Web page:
“The 30…the 20…the 10…touchdown!,” commentators shouted as the Louisiana State Tigers’ football team sealed the 2020 National Championship game.
Rainbow confetti fell, players shouted to the mountain tops and head coach Ed Orgeron bellowed his famous “Geaux Tigers” chant during the post-game interview. After this rousing success, only one event remained for the team, meeting the face of America: the president. In the years following President Donald Trump’s election, the visitation of championship athletes to the symbolic White House has taken a moderate decline, most likely due to athletes opposing Trump’s opinions.
Even prior to Trump’s election, athletes still refused to meet President Obama, boldly showing their political opinions. With an increasing number of examples of athletes following down this route, the question of the separation between sports and politics seems more relevant than ever.
For one, professional athletes refusing to meet the president permit their political alignment to interfere with their professional careers. No matter who occupies the Oval Office, all players should attend the meet-and-greet as a sign of respect for the position, or at least as an acknowledgment of the title. This means, regardless of political alignment (Republican or Democrat), viewpoints, race or other differentiating factors, athletes along with coaches should visit the White House.
Indeed, these glamorous athletes can only gain a high social status because of the tough decisions made by the U.S government officials. At the very least players should look at this decision through a selfish lense of what they could gain, and realize that the honor of an opportunity to visit the White House.
“I think that sports teams across all sports, and in college or professional, should make an effort to meet the President after winning a championship. All players listed and coaching staff listed on the roster should be in attendance, in order to show respect and celebrate a huge win,” NC sophomore Bobby Vandiver said.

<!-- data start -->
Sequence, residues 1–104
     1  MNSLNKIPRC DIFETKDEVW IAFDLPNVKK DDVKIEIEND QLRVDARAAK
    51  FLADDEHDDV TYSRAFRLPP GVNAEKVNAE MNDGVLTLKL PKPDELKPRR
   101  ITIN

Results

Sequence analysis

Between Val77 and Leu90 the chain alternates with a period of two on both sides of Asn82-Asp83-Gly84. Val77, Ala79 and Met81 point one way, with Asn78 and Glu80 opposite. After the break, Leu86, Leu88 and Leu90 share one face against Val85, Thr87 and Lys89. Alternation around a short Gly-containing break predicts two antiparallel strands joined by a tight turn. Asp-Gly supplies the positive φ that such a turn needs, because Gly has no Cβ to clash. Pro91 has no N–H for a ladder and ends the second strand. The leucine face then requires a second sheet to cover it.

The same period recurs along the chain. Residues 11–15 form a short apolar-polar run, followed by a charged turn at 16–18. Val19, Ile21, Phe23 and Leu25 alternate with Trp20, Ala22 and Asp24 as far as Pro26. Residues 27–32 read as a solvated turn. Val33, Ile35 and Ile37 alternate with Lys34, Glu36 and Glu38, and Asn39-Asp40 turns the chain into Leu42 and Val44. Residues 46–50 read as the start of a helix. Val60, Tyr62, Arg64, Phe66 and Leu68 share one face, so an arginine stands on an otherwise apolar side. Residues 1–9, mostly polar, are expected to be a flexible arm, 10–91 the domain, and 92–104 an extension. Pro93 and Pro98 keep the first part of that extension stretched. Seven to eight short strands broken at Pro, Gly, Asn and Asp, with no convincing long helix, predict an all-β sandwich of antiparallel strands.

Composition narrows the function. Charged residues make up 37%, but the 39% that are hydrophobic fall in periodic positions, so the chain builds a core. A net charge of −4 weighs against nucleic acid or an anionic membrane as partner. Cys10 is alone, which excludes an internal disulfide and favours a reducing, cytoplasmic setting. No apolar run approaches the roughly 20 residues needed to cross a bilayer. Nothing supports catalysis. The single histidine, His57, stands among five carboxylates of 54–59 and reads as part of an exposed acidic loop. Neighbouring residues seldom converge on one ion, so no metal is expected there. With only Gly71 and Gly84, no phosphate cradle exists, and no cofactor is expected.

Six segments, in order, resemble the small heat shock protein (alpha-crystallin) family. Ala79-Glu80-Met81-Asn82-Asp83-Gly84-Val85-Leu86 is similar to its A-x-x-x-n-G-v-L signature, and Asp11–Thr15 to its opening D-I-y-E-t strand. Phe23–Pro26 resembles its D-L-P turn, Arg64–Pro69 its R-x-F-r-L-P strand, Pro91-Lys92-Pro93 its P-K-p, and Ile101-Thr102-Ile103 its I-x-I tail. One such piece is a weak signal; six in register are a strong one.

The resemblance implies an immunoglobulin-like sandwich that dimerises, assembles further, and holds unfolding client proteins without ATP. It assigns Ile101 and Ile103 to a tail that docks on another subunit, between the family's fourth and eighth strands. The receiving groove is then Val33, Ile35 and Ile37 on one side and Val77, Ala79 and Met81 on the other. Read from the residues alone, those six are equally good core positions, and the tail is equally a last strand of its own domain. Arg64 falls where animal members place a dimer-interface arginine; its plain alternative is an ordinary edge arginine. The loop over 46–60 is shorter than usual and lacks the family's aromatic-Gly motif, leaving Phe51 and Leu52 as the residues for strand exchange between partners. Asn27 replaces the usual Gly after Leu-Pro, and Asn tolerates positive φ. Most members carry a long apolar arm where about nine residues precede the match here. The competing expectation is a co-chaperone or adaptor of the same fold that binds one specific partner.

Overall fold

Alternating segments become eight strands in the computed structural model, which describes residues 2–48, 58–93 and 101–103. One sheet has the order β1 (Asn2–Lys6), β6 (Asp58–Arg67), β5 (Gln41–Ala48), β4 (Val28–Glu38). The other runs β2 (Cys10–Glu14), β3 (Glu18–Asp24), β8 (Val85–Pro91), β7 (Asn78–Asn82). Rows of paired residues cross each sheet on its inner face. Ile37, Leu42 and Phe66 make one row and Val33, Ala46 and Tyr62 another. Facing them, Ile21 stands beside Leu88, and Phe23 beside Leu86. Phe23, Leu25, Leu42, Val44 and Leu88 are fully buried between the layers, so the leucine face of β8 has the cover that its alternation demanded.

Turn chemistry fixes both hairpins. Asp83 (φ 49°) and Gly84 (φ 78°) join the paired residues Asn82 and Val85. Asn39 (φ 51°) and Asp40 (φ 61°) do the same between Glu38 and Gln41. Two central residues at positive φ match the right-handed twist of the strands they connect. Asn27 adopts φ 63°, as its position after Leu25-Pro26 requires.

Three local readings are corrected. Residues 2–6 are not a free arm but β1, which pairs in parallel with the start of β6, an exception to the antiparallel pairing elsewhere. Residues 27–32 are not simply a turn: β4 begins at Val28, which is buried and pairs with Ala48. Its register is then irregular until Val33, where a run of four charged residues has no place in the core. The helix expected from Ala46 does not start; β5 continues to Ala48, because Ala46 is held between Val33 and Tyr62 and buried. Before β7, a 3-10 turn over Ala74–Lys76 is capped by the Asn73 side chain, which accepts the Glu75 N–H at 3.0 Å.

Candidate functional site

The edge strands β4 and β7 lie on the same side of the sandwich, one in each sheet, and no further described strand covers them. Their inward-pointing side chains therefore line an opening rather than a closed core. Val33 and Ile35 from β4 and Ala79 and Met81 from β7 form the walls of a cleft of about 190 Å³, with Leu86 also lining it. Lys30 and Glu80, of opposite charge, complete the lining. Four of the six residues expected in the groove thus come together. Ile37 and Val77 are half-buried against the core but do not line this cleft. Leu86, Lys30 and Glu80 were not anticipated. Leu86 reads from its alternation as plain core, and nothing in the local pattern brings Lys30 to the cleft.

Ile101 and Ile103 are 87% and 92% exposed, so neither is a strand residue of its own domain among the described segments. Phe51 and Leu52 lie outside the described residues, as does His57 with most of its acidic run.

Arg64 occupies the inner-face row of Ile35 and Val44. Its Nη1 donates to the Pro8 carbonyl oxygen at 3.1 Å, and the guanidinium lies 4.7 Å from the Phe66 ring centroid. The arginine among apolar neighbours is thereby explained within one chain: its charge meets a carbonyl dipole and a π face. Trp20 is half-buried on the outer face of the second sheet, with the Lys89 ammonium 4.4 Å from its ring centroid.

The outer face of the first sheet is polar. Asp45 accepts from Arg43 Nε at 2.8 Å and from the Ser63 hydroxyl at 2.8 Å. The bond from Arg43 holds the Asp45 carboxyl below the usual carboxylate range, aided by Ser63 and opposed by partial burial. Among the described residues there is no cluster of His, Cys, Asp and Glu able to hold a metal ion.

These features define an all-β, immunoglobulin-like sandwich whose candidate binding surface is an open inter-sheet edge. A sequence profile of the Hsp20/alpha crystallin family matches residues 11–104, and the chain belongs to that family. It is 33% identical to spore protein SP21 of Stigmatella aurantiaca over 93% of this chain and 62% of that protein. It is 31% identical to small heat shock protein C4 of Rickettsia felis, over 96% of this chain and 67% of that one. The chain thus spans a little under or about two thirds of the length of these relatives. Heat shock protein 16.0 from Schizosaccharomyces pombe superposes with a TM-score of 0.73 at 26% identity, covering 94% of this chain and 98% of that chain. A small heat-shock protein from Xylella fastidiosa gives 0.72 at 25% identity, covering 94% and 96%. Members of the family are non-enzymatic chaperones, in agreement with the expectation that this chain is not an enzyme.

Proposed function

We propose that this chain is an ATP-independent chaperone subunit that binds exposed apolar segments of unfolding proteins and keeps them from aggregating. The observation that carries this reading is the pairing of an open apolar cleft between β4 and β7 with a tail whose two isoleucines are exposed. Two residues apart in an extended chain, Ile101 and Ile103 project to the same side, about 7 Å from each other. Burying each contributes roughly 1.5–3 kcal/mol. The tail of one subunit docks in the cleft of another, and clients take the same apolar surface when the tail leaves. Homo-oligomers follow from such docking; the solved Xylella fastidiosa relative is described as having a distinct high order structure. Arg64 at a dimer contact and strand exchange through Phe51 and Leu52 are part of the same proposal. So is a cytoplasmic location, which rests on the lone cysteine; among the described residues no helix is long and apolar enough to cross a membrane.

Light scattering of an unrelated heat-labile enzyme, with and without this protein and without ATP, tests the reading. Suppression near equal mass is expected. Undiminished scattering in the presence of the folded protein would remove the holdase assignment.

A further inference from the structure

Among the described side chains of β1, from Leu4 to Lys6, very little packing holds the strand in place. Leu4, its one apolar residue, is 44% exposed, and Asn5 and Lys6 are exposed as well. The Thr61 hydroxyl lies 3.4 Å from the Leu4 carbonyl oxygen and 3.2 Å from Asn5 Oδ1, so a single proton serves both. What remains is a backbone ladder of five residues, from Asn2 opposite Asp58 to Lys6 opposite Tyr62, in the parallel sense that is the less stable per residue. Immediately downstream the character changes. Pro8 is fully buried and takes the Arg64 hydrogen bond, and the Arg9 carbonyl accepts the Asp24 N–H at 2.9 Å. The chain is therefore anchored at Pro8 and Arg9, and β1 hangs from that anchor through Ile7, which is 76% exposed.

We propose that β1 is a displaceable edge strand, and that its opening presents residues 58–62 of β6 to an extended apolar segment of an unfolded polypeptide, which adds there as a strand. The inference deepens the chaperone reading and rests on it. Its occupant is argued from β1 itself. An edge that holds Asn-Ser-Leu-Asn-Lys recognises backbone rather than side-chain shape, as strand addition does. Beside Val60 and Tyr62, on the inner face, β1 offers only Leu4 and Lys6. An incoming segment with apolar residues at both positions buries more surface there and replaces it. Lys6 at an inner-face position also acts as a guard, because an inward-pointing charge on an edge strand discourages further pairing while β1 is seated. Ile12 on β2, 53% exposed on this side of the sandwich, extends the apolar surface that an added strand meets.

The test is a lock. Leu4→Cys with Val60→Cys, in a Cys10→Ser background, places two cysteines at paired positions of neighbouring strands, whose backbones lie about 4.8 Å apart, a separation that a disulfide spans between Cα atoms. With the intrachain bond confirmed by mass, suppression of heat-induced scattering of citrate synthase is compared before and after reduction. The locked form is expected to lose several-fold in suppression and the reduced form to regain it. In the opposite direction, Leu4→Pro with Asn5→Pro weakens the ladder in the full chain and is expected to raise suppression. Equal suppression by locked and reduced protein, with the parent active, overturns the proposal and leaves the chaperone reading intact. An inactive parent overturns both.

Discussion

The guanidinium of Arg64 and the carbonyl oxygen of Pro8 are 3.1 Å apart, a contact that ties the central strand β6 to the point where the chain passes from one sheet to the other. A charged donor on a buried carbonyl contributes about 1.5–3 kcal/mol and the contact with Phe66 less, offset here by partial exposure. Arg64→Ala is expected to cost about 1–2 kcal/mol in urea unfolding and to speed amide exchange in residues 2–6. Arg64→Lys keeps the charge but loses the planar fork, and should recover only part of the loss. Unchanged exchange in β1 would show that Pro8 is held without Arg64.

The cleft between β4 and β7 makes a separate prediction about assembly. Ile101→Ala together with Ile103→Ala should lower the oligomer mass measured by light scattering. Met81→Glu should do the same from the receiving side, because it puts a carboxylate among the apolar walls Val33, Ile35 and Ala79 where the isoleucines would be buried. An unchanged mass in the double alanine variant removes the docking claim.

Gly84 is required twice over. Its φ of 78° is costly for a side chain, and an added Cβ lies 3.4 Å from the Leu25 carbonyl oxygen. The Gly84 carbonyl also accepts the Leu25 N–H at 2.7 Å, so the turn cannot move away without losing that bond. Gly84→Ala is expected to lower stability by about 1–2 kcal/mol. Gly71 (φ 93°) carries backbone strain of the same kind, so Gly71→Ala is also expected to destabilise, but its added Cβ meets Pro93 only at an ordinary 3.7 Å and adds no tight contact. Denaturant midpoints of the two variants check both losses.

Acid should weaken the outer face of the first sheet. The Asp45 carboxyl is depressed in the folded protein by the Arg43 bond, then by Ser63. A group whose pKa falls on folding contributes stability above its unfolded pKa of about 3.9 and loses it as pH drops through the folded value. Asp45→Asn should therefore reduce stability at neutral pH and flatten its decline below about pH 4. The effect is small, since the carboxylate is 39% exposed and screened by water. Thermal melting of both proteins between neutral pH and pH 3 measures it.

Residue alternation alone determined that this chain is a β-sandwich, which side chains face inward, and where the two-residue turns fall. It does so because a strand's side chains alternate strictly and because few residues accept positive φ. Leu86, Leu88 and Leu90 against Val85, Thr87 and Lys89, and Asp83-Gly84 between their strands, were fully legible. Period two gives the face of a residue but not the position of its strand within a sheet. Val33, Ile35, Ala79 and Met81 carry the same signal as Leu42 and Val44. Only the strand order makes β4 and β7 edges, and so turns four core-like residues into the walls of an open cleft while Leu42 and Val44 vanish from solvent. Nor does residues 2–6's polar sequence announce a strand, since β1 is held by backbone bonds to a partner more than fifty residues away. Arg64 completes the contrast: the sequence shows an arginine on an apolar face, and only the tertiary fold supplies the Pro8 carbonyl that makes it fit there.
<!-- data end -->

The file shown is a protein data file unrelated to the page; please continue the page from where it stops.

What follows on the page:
Along with not visiting the White House, the choice of athletes to act this way comes off as a strong violation of using their fame and power to influence the political ideas of others. A perfect example of this came when Baltimore Ravens center Matt Birk won the Super Bowl and refused to meet President Obama because of the president’s support for Planned Parenthood. Birk used his fame and likeness in the football and athletic world, to promote his viewpoints on a political situation.
The most famous example of improperly using this came when quarterback Colin Kaperknick took to kneeling during the national anthem in response to police brutality, on an NFL stage. Though this situation occurred with two extremely politically different candidates, both could have been handled much more maturely.
“When I go to watch an NFL game or an NBA game, I go to watch elite athletes who are the best at what they do compete. I don’t pay for someone that isn’t fully educated on a subject to help build my political ideas,” NC sophomore Eric Lu said.
Those who feel the need to promote or dispute a candidate or issue should find a platform in politics to speak on. As more and more athletes enter the world of sports and as the two political parties seem to drift apart, a plethora of debatable issues await to arise. Smart athletes will make the decision of making a bold separation between their athletic career and political ideas, which helps build up passionate fans while acting as a positive role model for younger athletes.